The Mummy (1932). 73 minutes. Directed by Karl Freund. Starring Boris Karloff (as Ardath Bey/Imhotep), Zita Johann (as Helen Grosvenor/Princess Ankh-es-an-Amon), David Manners (as Frank Whemple), Arthur Byron (as Sir Joseph Whemple), Edward Van Sloan (as Dr. Muller), Bramwell Fletcher (as Ralph Norton), Noble Johnson (as the Nubian), and Leonard Mundie (as Professor Pearson).
The Mummy is one of the classic Universal monster movies, which also include Dracula (1931), Frankenstein (1931), and The Invisible Man (1933). Directed by Karl Freund, who worked as a cinematographer for such silent landmarks as The Last Laugh (1924) and Metropolis (1927), as well as for the Universal Dracula, The Mummy is atmospheric and visually pleasing, even though it is staged using only a limited number of sets. Part of the reason for its success is no doubt owed to actor Boris Karloff, who manages to infuse the titular character with both creepiness and, perhaps unexpectedly, a fair amount of rebel chic. Although Karloff’s … Read the rest
Battleship Potemkin (1925). 75 minutes. Directed by Sergei Eisenstein. Starring Alexsandr Antonov (as Grigory Vakulinchuk), Vladimir Barsky (as Commander Golikov), Grigori Alexsandrov (as Chief Officer Giliarovsky), Mikhail Gomorov (as militant sailor), Alexsandr Levshin (as petty officer), N. Poltavseva (as woman with pince-nez), Beatrice Vitoldi (as woman with baby carriage), Konstantin Feldman (as student agitator), and Lyrkean Makeon (as masked man).
Battleship Potemkin is a landmark Soviet propaganda film directed by Sergei Eisenstein. Filmmakers such as Billy Wilder and Orson Welles numbered it among their top favorites for its artistry, and it consistently places on Sight and Sound’s polls of the greatest movies ever made. Yet it may be difficult for some to accept Battleship Potemkin as one of the great films, or at least as an unhindered work of art, given the brutal realities of the regime that it was designed to serve as a mouthpiece for. Battleship Potemkin’s mission is, after all, to express Soviet political rhetoric as a … Read the rest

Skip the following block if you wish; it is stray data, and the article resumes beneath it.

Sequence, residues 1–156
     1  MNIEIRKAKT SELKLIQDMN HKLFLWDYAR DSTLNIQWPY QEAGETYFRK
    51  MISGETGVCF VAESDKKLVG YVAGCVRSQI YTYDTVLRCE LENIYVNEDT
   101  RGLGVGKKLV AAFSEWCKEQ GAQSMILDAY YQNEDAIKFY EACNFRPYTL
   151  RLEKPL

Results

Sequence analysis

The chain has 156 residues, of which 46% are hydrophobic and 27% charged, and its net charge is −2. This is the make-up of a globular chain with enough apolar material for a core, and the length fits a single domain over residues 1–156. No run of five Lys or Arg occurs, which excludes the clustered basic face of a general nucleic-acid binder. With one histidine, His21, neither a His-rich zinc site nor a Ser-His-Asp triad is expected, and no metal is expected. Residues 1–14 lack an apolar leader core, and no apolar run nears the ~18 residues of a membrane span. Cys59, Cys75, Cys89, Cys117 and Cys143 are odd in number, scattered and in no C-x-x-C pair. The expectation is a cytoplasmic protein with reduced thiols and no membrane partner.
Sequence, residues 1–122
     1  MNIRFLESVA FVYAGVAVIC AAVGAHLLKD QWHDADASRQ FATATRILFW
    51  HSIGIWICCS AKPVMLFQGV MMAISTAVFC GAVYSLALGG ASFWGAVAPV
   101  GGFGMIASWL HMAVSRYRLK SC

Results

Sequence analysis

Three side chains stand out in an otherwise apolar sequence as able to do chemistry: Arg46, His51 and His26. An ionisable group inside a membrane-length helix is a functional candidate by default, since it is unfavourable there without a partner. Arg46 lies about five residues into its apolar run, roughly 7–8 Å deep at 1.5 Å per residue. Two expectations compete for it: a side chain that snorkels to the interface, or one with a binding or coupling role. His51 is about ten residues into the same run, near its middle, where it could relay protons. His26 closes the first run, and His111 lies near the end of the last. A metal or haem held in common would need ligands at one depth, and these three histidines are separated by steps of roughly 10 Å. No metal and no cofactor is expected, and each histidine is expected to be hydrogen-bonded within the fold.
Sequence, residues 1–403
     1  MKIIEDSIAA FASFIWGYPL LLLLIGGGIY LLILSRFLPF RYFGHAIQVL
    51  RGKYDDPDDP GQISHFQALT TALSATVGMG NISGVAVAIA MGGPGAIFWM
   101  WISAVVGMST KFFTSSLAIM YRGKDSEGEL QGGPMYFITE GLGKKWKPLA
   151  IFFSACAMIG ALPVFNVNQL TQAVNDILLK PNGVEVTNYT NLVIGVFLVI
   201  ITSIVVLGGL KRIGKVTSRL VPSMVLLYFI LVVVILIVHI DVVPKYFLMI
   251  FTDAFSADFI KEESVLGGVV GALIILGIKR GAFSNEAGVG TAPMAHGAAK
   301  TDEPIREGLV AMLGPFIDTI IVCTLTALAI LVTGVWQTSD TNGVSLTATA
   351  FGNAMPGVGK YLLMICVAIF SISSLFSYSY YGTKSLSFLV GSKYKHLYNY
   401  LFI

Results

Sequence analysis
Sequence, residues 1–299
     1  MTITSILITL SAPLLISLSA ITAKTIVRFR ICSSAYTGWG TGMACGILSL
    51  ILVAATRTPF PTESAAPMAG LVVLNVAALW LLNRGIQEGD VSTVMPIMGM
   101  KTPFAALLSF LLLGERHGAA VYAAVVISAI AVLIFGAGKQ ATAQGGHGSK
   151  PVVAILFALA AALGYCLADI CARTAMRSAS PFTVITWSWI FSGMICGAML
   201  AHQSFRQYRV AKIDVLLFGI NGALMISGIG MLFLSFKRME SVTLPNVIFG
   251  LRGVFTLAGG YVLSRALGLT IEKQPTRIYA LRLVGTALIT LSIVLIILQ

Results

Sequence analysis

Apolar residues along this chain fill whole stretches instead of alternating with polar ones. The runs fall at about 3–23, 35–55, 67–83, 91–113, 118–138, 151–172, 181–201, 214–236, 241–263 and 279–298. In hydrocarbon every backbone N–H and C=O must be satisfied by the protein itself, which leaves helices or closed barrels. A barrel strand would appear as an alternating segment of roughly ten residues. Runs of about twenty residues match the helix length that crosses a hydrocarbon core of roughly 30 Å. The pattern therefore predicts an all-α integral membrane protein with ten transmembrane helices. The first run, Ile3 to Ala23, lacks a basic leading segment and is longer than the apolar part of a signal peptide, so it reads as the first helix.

Steamboat Willie (1928). 8 minutes. Directed by Walt Disney and Ub Iwerks. Voices by Walt Disney. Music by Wilfred Jackson and Bert Lewis.
Steamboat Willie is a black-and-white animated Disney short that was the first cartoon of any kind to use completely synchronized sound. It draws thematically from both the 1911 song “Steamboat Bill” and the 1928 silent Buster Keaton comedy Steamboat Bill, Jr., but it was also inspired by the technological revolution launched by The Jazz Singer (1927), the first feature-length movie to use partially synchronized sound. Steamboat Willie is notable today for its historical achievement and for being the first widely successful cartoon to feature Mickey Mouse, but in addition to these accomplishments, it remains extremely silly and a good example of how charming early animation could be.
The story follows the iconic rodent protagonist as he works on a riverboat. A large cat (Pete) orders Mickey around and banishes him from the ship’s bridge. Mickey … Read the rest